Employment Guide: Moving home not the only option

Liz Keeney | January 31, 2012    

For a lot of seniors, inquirers want to know what exactly they’ll be doing next year. But… For a lot of seniors, inquirers want to know what exactly they’ll be doing next year. But it’s equally important for almost-graduates to consider where they’ll be doing it.

With the downturn in the economy and a shrinking job market, more and more graduates have made the decision to move back in with their parents to save money while they try to find their footing. But for some of us, that’s just not an option.

After four years of relative independence, moving back to your parent’s house might seem stifling. For reasons ranging from your dingy Dave Matthews posters on your old bedroom walls to the fact that your parents’ room could be just 10 steps away, moving home can seem grim.

Whether it’s due to conflicting personalities, opportunities elsewhere, too small a job market, or simply the horrorific potential for running into people you hated from high school, there’s plenty of reasons why you’d want to avoid a return-ticket to your hometown. But sometimes, it seems like it’s the only option. What’s an does an almost-grad to do?

First, examine your situation. Pamela O’Brien, the associate director of Pitt’s Public and Professional Writing Program and an administrator who helps students plan for graduation, said each student’s situation is different.

If you’re under mountains of student debt, and expect to qualify for food stamps with your first year’s salary, it’s worth it to consider moving home. But on the flip side, before making any decisions final, make sure to consider that moving to a new place could provide job opportunities if you’re from a small or economically depressed area. And then there’s always grad school to consider. So sit down and consider your situation.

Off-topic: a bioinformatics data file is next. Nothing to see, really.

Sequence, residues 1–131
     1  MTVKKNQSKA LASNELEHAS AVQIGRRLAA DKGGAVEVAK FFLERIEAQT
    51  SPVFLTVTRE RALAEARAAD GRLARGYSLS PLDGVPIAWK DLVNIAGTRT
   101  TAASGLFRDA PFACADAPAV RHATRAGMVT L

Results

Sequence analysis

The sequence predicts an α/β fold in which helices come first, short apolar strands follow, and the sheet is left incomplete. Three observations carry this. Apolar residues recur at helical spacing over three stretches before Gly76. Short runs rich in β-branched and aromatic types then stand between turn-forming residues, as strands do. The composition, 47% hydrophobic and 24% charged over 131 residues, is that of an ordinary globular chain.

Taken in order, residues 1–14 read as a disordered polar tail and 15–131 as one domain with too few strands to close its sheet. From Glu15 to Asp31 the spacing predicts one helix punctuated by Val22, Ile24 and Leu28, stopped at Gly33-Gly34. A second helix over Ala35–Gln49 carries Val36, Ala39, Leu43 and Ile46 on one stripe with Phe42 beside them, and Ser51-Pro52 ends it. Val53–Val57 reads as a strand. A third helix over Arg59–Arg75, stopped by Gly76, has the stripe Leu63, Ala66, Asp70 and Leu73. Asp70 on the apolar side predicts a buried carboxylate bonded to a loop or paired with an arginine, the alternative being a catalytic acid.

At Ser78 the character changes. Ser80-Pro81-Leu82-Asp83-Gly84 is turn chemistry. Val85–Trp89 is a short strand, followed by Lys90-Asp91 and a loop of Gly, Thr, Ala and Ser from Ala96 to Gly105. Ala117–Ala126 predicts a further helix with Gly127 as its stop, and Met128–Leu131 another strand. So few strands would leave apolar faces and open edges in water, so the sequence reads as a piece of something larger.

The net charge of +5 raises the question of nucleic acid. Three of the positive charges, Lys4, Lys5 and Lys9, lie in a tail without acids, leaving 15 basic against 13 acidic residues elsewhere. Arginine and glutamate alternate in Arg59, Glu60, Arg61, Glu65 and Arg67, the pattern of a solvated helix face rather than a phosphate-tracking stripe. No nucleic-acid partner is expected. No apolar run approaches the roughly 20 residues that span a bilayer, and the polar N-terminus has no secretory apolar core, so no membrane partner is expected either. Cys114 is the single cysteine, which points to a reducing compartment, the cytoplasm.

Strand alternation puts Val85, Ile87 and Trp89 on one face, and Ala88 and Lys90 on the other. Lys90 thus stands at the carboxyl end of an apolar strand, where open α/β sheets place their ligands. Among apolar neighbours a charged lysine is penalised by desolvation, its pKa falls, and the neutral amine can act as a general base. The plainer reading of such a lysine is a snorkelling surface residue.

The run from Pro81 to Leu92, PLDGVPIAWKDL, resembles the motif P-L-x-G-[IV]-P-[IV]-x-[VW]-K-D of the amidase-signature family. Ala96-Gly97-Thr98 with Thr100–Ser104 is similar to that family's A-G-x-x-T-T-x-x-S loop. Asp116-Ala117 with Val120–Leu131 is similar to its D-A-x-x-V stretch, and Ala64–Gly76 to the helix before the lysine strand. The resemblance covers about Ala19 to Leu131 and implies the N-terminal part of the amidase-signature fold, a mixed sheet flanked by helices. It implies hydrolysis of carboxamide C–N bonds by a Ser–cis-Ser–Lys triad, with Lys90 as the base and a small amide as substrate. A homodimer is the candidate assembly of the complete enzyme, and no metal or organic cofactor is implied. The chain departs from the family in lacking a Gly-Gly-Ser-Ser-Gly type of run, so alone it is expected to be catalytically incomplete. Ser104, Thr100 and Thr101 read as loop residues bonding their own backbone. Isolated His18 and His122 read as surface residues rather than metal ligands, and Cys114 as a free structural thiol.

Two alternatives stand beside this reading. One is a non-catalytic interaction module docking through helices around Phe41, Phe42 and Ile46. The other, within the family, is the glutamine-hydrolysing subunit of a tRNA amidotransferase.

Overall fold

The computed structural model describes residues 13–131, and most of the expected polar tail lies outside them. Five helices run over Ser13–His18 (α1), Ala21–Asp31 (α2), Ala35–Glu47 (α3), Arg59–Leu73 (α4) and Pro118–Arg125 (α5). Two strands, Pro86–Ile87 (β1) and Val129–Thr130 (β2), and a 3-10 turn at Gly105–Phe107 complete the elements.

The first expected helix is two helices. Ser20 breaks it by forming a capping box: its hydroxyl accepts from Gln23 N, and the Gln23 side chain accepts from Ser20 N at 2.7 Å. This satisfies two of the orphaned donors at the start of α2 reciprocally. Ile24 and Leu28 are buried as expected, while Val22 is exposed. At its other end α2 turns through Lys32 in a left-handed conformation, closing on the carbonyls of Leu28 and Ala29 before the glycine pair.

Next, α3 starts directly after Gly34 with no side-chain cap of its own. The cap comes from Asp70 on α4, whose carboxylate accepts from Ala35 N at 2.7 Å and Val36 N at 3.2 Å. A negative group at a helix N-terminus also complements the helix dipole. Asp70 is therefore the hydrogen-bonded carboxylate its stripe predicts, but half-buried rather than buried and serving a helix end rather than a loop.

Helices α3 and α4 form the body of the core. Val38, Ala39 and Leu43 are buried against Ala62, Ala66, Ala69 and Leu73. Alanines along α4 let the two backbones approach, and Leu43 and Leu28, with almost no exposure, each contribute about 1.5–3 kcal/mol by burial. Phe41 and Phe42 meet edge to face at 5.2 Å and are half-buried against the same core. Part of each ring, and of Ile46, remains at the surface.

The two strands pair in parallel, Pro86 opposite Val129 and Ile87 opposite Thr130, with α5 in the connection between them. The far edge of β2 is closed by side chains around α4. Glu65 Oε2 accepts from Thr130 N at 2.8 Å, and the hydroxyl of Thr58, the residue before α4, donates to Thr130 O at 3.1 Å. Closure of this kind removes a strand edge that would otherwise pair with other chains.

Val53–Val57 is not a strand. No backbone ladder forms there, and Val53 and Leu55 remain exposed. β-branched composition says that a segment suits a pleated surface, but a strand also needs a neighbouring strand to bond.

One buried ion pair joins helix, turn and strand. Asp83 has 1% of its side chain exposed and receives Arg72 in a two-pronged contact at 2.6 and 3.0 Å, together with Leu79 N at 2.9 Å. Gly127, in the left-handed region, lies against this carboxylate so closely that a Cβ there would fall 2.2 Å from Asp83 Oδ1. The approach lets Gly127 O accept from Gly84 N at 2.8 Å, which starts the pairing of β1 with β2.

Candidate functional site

If you ultimately do decide to move away from home, do your research. If the city you’re looking at has a lot of jobs available, try to find out the cost of living of the city or area you’re looking at the cost of living there is. Even if you do find a great job, your basic expenses could still be too high.

Jenéee Sharon, a graduate from Pitt, made sure to consider as many different factors as possible before deciding to go for her graduate degree from American University’s School of International ServiceSystem.

“Ultimately, I chose SIS because of its conflict resolution program and its location in D.C. Foreign Policy recently ranked it eighth for International Relations graduate programs in the world. That said, although living in D.C. is expensive, I believe that the high cost of tuition/living is worth it because of everything that the city and SIS have to offer,” she said.

When trying to decide where to move, one has you have to think outside the box. While job market and cost of living are important factors to consider, they aren’t the only ones. Be sure to see what else a city has to offer. For instance, while your rent in a certain city might be high, if the city has good public transportation, you might be able to get away with not having a car.

Interestingly, though Pittsburgh’ss been rated as one of the most livable cities in the United States, O’Brien doesn’t think the city lends itself particularly well to young professionals. She cited cities like Austin, Washington, D.C., and Chicago as better alternatives.

Another Pitt graduate, Levi Bupp, chose to jump right into the job market instead of heading to grad school.

“One early offer I got was to a co-op at Advance Testing Company Inc. in Campbell Hall, N.Y. The offer was for $11 per hour, June through December. They pay for the necessary certifications, and they provide housing. I didn’t want to wait until it was too late, so I accepted,” he said.

While not his ideal choice, Bupp took the job because it provided housing and was a good stepping stone.

If you’re really set on living on your ownn, you have to be ready to make some sacrifices. Both Sharon and Bupp have roommates, and Sharon works two jobs. They keep their expenses low. You might find that you have to start at a low-paying job, and then find a second source of income on the side, like waiting tables or bartending.

“When you’re getting started, you have to do whatever you can to establish yourself. You might not have an ideal job, you might have to live at home, but you’ll be out there,” O’Brien said.

“In essence, you do what you have to do. At times, your’re situation might not seem great, but just keep in mind what you’re working toward


“The biggest thing people fear is that it won’t work out; that I won’t have enough of this or that,” O’Brien said. “But it will work out.”

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